Obviously, the scope for something to go wrong is large. JLG Research surveys the landscape for fallout:
In short, we find it (very) interesting that the big risk to Chinese property markets many skeptics expected years ago (us included) is playing out nearly precisely as the biggest bears feared, yet the level of global media interest/attention remains virtually mute.
More specifically, first compliments of Capital Economics, when looking at the absolute collapse in the average price (in RMBth/sqm) for contracted sales for Evergrande (Ex. 1), we see a budding risk that unbuilt Chinese property starts begin trading like distressed emerging debt, which, at risk of stating the obvious, would have very negative implications for bulk metal prices globally (see iron ore prices today – Ex. 21).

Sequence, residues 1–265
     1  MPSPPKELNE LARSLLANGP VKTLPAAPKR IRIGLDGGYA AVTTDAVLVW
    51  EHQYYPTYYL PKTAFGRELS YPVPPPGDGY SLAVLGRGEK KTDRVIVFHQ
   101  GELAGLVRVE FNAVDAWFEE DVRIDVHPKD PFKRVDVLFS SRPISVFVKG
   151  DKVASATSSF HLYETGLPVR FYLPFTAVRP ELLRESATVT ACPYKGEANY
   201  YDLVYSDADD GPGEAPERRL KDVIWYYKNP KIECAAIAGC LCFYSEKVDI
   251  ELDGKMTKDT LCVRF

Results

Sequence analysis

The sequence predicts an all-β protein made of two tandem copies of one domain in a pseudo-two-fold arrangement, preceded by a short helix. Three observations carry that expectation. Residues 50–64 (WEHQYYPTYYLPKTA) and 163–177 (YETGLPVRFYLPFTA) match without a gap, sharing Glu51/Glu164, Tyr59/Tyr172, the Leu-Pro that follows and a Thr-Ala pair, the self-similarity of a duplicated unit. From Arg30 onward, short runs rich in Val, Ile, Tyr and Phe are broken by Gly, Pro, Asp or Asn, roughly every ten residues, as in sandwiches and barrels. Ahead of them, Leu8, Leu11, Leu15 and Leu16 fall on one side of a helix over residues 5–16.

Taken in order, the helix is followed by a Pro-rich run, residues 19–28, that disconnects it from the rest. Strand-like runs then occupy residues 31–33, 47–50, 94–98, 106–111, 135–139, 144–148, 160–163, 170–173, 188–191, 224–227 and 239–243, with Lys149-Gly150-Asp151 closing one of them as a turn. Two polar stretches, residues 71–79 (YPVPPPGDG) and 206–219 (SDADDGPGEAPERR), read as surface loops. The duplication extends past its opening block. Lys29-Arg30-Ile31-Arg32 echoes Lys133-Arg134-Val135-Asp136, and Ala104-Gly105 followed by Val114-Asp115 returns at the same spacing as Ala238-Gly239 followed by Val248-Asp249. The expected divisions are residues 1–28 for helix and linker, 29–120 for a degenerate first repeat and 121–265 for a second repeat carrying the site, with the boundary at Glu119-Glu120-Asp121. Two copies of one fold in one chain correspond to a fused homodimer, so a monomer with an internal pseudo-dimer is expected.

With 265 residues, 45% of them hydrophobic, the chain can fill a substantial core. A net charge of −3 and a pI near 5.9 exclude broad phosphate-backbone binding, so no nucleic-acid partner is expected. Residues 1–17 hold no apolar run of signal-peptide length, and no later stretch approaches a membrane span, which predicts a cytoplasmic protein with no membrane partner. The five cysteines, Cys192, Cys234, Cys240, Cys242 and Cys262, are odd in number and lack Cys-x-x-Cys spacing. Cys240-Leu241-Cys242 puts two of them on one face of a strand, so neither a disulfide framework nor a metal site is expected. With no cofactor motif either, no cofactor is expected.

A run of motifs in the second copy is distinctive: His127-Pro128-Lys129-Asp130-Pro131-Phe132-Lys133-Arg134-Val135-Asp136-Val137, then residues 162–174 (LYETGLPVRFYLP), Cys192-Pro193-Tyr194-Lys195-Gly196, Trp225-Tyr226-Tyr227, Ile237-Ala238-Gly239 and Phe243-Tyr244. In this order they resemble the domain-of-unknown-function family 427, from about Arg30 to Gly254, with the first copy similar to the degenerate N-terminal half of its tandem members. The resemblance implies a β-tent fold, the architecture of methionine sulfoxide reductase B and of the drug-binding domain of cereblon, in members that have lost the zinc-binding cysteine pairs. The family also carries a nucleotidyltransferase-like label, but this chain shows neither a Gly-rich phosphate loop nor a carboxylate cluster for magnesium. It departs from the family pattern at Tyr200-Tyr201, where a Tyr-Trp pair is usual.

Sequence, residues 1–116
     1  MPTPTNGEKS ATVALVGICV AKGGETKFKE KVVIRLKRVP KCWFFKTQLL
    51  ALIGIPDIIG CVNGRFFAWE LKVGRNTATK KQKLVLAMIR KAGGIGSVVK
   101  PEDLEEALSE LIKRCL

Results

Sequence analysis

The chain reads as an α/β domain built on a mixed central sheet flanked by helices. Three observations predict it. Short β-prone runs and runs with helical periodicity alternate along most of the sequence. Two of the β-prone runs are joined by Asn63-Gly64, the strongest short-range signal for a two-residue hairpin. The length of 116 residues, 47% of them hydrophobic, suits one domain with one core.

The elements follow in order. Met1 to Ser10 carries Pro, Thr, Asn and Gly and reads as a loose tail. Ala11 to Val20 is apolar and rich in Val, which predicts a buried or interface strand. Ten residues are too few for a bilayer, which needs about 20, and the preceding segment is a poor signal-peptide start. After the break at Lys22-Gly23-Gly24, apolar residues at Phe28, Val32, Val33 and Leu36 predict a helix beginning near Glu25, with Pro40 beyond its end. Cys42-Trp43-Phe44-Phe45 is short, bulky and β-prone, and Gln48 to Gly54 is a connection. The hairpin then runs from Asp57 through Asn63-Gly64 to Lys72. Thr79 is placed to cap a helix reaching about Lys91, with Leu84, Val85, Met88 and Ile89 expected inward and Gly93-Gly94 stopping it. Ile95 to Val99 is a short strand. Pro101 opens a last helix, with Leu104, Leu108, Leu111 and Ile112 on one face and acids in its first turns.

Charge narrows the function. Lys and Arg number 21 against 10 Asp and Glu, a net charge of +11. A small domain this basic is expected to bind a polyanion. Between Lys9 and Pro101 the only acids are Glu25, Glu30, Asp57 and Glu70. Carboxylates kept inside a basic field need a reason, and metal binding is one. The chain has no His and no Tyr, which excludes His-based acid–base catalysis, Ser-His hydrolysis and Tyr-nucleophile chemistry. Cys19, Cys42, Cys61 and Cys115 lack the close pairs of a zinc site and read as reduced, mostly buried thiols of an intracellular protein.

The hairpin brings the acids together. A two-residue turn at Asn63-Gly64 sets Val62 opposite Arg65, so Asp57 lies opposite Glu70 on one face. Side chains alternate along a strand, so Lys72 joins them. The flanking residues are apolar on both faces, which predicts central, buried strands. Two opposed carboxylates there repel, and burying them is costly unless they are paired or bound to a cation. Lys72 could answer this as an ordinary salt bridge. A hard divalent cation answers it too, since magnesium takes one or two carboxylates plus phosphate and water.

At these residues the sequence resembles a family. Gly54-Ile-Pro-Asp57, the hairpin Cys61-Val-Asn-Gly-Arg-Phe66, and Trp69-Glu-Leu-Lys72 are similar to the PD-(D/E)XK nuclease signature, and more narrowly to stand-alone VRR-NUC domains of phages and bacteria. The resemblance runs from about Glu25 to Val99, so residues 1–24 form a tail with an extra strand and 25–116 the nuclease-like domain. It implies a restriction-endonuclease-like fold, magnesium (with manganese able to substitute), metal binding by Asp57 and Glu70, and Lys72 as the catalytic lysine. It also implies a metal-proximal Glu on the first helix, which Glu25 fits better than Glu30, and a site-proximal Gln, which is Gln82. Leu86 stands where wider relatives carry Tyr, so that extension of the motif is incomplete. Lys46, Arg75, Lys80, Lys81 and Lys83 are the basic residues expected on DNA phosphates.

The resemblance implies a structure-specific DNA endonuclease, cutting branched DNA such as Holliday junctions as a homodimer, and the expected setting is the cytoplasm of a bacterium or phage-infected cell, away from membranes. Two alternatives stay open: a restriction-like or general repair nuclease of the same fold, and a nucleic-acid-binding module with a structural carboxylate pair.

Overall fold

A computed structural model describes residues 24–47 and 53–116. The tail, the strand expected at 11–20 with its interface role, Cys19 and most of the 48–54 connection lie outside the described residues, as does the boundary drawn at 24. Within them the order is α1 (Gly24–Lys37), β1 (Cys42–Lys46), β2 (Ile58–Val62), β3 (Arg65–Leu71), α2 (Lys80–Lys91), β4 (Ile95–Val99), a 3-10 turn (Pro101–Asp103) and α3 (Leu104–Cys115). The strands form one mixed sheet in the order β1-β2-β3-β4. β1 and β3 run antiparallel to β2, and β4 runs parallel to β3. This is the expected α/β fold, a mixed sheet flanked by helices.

Exhibit 1: Evergrande Property Statistics
Source: Capital Economics.
Furthermore, when thinking about buyer confidence in China, it’s important to remember that it matters a lot. Why? Simply put, based on our discussions with contacts in China, deposits and advances are now among the largest funding sources for the property sector. Why? Well, the Chinese government has made it hard to fund via the bond market (Ex. 2), thus developers are more prone than ever to derive funding via pre-sales (i.e., the role of pre-sales is much more important today vs. the past several years).
Exhibit 2: Two of the Largest Sources of Chinese RE Developer Funding; YoY % growth
Source: National Bureau of Statistics China, Bloomberg Intelligence, and GLJ Research LLC.
And, if that wasn’t enough to scare the “China monetary hawks”, it’s important to remember that contract liabilities (i.e., unbuilt pre-sales) of major RE developers in China essentially tripled between 2016 and 2020 (Ex. 3 below excludes Evergrande).